For example, Shinto shrines, Buddhist temples, regional performing arts and festivals in all regions are attractive content that Japan can offer. There are harvesting experiences and fresh local dishes at farmhouses in the harvesting season as well. We are living in an age when visitors from overseas will be able to deepen their understanding with automatic translations on their smartphones if we improve the Wi-Fi conditions in the provinces and think up a few good ways of highlighting this content.

Opportunities for the provinces have been growing in recent years with the increasing number of low-cost flights and international flights to regional airports.

Share your view of the future outlook for regional revitalization with us.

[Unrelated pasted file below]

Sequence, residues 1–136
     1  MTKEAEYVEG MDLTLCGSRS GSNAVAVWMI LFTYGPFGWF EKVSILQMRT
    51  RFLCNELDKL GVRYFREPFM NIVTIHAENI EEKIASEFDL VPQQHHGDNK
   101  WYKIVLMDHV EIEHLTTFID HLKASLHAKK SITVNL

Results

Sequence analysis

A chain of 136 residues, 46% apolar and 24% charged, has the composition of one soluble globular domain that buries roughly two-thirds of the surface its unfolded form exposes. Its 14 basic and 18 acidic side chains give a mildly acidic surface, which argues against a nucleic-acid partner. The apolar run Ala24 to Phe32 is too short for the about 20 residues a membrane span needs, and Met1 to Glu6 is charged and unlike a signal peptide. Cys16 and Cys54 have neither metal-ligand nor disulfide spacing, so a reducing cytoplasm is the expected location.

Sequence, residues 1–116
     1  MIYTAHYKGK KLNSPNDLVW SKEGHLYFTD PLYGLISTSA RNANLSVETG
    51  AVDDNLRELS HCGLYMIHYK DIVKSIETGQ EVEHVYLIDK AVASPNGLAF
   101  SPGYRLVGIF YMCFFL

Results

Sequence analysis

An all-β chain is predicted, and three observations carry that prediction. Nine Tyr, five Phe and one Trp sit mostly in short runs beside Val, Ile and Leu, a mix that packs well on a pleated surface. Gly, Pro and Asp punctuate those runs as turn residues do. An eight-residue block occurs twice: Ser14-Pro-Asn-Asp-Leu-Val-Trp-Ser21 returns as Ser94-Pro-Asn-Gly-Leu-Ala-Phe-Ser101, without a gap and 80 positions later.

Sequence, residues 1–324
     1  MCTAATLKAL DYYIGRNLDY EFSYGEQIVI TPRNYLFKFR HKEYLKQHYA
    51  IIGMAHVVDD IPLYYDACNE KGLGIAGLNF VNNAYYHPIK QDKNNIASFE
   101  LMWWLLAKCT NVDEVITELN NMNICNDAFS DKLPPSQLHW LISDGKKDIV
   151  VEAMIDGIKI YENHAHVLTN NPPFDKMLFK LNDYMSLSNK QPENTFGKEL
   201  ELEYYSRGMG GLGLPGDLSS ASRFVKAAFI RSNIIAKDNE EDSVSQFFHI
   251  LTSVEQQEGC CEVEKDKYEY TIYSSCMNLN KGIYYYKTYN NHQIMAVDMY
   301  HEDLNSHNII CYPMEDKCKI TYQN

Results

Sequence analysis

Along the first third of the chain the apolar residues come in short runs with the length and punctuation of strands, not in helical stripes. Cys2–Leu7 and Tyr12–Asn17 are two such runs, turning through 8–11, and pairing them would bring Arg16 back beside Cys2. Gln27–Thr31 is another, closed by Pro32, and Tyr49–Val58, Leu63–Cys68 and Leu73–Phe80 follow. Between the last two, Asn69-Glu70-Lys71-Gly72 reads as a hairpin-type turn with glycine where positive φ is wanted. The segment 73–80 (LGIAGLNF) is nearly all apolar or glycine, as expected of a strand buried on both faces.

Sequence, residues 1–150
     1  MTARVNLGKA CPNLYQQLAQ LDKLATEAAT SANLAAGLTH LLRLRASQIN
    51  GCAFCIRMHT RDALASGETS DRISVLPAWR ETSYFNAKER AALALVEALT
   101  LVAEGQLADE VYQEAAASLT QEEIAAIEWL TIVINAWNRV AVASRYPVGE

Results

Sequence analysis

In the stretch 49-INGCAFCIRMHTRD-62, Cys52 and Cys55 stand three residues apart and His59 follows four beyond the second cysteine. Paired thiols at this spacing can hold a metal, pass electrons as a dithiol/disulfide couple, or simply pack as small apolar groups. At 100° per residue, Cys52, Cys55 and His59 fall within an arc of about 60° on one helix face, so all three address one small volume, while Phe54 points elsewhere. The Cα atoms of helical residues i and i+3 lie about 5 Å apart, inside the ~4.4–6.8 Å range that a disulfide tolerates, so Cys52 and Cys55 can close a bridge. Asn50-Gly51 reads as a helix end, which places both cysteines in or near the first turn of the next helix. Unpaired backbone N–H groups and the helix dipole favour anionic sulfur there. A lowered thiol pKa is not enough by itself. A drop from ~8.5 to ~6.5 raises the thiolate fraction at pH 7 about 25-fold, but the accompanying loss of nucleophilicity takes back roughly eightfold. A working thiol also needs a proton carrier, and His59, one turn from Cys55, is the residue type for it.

The important thing is to resolutely and flexibly discuss what we need to do to keep local communities alive in the best way for them, because Japan’s population structure is going to change significantly.

Our efforts to revitalize the regions are in their fourth year. The foundations for such discussions have been laid, and results have accumulated around the country. Regional revitalization is now in the stage of execution.

I believe that Japan must succeed in its initiatives as the leader in the transition to a super-aging society and deliver its experience of the nationwide spread of regional revitalization appropriately to the rest of the world.